For 85 years, the U.S. government has turned a blind eye to companies that import goods derived from slavery -- so long as domestic production couldn’t meet demand for those goods. That’s about to change.

The U.S. Senate on Thursday voted to close a loophole in the Tariff Act of 1930, which bars goods made by convict, forced or indentured labor, amid a new focus on slavery in the supply chains of global companies. Almost 21 million people are enslaved for profit worldwide, the United Nations says, annually providing $150 billion in illicit revenue.

The legal gap has been in place for so long that politicians who pushed for the change aren’t exactly sure how it will affect businesses cited by human rights groups or the agencies responsible for blocking goods derived from slavery.

“The old system that leaves the door open to child or slave labor if it’s used to make a product that isn’t made here in the U.S. -- that system absolutely must end, and it will,” U.S. Senator Ron Wyden, an Oregon Democrat who spoke against the loophole on the Senate floor, said Thursday in a statement.

The Senate vote was part of a wide-ranging trade enforcement bill approved 75 to 20, its passage led by Republicans. The House of Representatives passed the bill last year. A statement from the White House on Thursday said President Barack Obama intended to sign the bipartisan legislation. It didn’t mention the language to close the loophole, one of many amendments to the bill.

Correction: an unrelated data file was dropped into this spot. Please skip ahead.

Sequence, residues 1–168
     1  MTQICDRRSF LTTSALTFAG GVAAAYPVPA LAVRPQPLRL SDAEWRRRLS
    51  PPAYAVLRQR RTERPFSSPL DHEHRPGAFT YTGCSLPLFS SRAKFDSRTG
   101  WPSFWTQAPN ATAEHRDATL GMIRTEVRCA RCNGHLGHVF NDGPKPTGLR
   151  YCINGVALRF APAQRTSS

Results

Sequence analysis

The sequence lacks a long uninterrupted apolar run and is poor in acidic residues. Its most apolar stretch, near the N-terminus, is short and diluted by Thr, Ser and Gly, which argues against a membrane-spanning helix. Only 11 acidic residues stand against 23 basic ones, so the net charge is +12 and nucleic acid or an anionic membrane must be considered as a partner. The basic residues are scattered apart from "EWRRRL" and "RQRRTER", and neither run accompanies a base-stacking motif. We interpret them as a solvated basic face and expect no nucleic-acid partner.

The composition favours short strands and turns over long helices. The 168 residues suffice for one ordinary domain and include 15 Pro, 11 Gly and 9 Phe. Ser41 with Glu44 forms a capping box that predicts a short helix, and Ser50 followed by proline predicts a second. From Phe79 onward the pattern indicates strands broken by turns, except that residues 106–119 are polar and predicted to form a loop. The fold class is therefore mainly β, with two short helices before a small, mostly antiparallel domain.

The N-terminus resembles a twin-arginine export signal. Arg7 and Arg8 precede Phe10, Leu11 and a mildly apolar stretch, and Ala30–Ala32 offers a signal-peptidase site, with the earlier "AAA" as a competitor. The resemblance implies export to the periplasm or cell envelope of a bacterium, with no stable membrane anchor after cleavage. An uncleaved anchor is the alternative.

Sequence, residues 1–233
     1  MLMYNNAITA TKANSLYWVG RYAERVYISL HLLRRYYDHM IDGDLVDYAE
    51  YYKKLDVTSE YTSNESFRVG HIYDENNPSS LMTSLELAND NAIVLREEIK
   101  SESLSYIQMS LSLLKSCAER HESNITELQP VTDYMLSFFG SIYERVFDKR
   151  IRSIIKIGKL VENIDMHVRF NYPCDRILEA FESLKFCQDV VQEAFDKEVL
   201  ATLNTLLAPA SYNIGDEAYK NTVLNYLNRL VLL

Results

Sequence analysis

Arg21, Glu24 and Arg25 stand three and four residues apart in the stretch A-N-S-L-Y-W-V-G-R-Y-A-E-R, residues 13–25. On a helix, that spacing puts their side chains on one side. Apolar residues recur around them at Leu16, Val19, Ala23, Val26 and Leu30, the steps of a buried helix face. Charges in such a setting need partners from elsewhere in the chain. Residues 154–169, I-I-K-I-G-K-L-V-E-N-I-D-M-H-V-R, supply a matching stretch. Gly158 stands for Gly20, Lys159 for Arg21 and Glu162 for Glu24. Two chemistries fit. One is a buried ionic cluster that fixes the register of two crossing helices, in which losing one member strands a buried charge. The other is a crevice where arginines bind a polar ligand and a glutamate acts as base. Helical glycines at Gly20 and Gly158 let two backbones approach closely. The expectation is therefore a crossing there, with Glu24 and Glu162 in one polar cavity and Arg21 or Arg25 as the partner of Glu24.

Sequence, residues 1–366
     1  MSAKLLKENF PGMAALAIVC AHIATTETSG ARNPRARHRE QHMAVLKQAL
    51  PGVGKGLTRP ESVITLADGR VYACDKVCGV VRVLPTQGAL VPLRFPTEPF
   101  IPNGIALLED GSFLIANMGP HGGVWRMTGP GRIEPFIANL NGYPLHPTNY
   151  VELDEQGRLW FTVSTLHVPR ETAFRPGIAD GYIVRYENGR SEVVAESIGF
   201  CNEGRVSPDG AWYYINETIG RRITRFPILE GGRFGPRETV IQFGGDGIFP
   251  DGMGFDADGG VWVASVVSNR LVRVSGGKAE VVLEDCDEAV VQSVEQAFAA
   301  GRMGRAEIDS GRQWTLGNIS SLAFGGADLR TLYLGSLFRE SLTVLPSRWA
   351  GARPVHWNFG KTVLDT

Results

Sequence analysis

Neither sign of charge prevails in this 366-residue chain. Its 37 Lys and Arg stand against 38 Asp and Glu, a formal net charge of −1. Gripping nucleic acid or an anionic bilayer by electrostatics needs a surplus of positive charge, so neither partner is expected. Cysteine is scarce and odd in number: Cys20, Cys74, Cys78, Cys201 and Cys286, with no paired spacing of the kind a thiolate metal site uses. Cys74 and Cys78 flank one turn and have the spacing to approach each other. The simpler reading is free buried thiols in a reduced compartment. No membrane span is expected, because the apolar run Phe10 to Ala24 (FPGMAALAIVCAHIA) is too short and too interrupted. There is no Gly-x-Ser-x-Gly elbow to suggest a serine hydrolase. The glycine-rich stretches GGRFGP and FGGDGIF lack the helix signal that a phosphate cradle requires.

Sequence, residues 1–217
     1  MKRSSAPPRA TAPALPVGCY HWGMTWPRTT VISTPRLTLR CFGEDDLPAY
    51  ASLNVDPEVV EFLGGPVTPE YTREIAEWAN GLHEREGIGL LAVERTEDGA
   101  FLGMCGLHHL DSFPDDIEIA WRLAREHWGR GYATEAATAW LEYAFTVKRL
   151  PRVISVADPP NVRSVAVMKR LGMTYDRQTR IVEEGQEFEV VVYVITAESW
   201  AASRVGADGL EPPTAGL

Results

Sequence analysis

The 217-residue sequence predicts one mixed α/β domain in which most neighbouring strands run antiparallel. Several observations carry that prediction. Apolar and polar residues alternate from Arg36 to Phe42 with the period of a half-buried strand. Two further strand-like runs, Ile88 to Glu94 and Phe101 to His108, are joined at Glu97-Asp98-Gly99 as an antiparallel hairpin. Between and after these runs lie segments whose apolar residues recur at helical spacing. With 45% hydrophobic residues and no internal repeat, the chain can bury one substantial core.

Game Changer

The act may be a game changer for U.S. Customs and Border Protection and U.S. Immigration and Customs Enforcement, the agencies responsible for preventing goods derived from slavery from entering the country. Kenneth Kennedy, a senior policy adviser for ICE, has called the loophole “the Achilles heel” of the Tariff Act. To illustrate his point, he has used well- documented problems with the cocoa industry that supplies candy companies.

“If we know cocoa is being produced on plantations in West Africa using slave labor, and then being imported into the U.S., we still have to allow it in because the U.S. cannot produce enough cocoa to meet U.S. demand,” Kennedy said in a December interview.

Wyden’s spokesman, Keith Chu, said the senator hopes the closure of the loophole will allow enforcement agencies to crack down on slave labor, though he didn’t say which industries or companies might be targeted. Wyden and Senator Sherrod Brown, a fellow Democrat from Ohio, offered the amendment behind the loophole’s closure.

“Ending this provision gives those fighting forced labor the confidence they can challenge imports of these products without fear of being undermined by an archaic and outrageous provision of U.S. trade law,” Chu said in an e-mail.